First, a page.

chriswebb on TwitterChris Webb on FacebookSubscribe to the RSS FeedLinkedIn

Buy a Book For Christmas

I only recently discovered the cleverly written publishing blog of the mysterious “Moonrat“, an anonymous editor at an unrevealed publishing house.

In a recent post, Moonrat (ok, so I feel silly typing that) discusses what went wrong with the publishing industry in October, 2008 -  lamenting the returns issues we publisher face, and offers a suggestion on how book lovers can make a difference.

I don’t think anyone’s being really straightforward about what exactly happened, and a lot of it is not very complicated.* The crux of the problem is that book publishing is a returnable industry. That means that say Big Chain Store (BCS) agrees to stock a book that my company publishes. They buy 100 copies at, say, $1 a piece (to be easy). They give me $100; I send them the books. Two months later, they didn’t sell any, so they send them back. I have to give them $100.

Keep in mind a couple of things about this system that don’t work in the publisher’s favor:
1) Shipping costs. Books are heavy.
2) Production fees incurred by the publisher (because, unfortunately, we can’t return the books to the printer).
3) Inflation. Haha.

Like many other industries, book sellers are getting hit hard by our current economy - but the Holiday season is upon us, so things should improve, right?

However, BCS and all its chain compatriots are counting on Christmas sales to save them. They need to stock up! They need to plump their stores with new enticing merchandise so they can convince customers to save them from foreclosure!

Where to get the cash for all the holiday books they needed to stock in October and November? Three. Guesses.

In October, bookstores returned so many books that most publishing companies had more coming into them than going out of them. For some companies, the incoming number was more than several months’ outgoing.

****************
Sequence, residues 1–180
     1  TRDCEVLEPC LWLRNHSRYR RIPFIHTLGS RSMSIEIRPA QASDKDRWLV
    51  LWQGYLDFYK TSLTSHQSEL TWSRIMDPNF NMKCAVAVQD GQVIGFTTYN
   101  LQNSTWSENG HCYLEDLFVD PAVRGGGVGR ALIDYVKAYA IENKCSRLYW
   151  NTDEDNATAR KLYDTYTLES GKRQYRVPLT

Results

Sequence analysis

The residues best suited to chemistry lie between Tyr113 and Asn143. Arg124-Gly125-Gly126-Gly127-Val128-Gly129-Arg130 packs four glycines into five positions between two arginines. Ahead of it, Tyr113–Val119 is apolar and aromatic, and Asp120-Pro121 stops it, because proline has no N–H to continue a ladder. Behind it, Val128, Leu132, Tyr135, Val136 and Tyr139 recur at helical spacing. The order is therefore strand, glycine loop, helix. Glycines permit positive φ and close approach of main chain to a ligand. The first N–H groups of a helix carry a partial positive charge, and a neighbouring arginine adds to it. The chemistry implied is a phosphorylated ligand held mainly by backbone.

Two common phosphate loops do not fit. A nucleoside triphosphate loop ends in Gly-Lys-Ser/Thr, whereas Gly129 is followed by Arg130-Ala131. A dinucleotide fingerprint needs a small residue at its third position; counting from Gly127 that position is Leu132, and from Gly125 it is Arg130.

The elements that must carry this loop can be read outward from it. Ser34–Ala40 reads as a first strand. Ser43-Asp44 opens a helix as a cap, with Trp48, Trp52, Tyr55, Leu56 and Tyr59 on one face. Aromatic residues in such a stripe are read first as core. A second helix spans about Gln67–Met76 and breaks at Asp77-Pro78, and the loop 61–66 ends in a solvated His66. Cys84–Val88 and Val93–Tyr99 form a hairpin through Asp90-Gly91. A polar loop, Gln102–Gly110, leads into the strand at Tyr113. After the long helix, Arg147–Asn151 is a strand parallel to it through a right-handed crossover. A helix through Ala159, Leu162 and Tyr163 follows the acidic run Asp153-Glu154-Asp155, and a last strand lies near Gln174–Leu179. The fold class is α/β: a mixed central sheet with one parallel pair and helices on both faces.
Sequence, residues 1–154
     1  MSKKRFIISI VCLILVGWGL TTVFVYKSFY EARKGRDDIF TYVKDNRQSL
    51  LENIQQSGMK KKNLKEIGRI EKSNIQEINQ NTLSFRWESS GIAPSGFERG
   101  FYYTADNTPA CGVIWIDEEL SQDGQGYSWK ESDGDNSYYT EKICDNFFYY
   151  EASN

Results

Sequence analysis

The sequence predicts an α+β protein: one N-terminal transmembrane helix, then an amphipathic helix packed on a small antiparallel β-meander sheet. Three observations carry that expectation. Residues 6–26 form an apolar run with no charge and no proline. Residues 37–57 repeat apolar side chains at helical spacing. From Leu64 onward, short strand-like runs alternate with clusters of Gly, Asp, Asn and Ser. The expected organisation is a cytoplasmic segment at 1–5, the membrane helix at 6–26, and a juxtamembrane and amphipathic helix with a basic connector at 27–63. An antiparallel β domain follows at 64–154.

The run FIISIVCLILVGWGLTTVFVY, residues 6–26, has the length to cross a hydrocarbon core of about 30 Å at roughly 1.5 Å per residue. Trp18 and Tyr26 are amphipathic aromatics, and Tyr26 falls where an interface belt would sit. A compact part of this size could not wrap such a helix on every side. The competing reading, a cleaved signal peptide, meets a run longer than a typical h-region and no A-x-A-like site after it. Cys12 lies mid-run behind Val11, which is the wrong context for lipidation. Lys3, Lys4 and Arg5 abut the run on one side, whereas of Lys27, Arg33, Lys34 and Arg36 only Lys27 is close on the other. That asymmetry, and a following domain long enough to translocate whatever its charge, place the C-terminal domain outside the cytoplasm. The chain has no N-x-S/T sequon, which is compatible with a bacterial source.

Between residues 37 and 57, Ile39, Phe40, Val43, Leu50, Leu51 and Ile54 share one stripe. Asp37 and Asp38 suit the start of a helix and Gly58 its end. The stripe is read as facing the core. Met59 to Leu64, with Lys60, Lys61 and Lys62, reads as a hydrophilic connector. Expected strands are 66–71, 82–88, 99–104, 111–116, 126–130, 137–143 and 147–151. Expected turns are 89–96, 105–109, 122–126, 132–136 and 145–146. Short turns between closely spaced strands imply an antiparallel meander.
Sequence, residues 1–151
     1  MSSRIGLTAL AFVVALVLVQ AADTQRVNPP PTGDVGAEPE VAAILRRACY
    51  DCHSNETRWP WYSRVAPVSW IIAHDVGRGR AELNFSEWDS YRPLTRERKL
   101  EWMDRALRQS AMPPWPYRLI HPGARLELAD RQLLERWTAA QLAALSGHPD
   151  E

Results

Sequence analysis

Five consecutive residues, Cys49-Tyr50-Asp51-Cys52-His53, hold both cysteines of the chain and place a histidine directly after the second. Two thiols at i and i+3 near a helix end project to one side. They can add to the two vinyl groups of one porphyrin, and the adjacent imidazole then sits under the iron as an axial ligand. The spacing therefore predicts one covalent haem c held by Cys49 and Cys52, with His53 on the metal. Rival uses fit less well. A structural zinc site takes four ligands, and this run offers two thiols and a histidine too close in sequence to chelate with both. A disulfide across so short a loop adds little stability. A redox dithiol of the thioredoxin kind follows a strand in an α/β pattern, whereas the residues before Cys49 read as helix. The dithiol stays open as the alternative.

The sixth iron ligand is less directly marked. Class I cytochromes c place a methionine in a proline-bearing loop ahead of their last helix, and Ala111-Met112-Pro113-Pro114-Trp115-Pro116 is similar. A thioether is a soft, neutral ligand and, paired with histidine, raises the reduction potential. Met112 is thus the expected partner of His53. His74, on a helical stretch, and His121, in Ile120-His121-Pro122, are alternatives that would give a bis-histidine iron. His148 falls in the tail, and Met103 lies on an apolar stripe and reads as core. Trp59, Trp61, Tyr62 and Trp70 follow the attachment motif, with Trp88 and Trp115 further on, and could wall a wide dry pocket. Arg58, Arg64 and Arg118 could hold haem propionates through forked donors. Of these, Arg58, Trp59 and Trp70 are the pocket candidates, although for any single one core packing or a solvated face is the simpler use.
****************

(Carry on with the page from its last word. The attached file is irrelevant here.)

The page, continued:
So, what to do? Moonrat has some great advice.

For anyone who cares about the book publishing industry and wants to do their part, there’s one simple action step:

Buy a book this weekend.

Just buy one.

Perfect idea.

Read more of Moonrat’s publishing blog at

(Photo credit: _mpd_)

  • Paul Mayson

    I think you guys are doing what will eventually bring publishing back around - talking with people that buy the books. For years publishing looked at b&n, borders, and amazon as the customers. Then throw in some co-op money to get featured. They had no relationship with the guys that bought the books.

    Here’s an experiment: Can you give an idea of the unit sales difference between something like Blogging for Dummies vs the book? There you have one of THE biggest brands in publishing against, basically, a guy with a website (but with a direct relationship with his readers). If you can’t give numbers, can you give % difference? Something like that?

    If you want to get a book this weekend, I’ll suggest Seth Godin’s ‘Tribes’. It’s awesome!

  • Mark

    Hey — my first visit since the new theme. I am very impressed. You have more going on so it is nice to see more going on the blog.

    As far as what moonrat says, is there not an agreed upon time frame for returns. I thought you were not allowed to return a book unless it was in the store for six months ?

    That said, will definitely be hitting the bookstore this w/e.


  • Walt Shiel

    Although Moonrat has a good point, this just smacks of more whining from a big publisher who expects the marketplace to adapt to their business model rather than vice versa.

    Instead of pleading for readers to buy a book to save big publishing, maybe big publishing should be trying to find out what those readers really want, how they want it delivered, and at what price.

    With that kind of data you can build a business model that works.

    I predict that sales of printed books from major trade publishers to continue the slide recorded so far this year. Meanwhile, the self- and micro-publishers (like our own Slipdown Mountain Publications LLC will survive and even grow as we strive to adapt to what our customers actually want and how they want it.

    And most of that growth and profit will remain under the radar of the publishing industry because it is not included in any of the recognized industry statistics.

    Please save me from people who whine, “Oh, please buy a book from us, any book at all, to save us from losing money or going out of business.”

    That’s a losing attitude. Just ask the many indie bookstores going under every year.

  • imansubarkah

    thank's for sharing info,..!
    Kerja Keras Adalah Energi Kita

  • Lockerz Davetiye

    respect all book writers ^^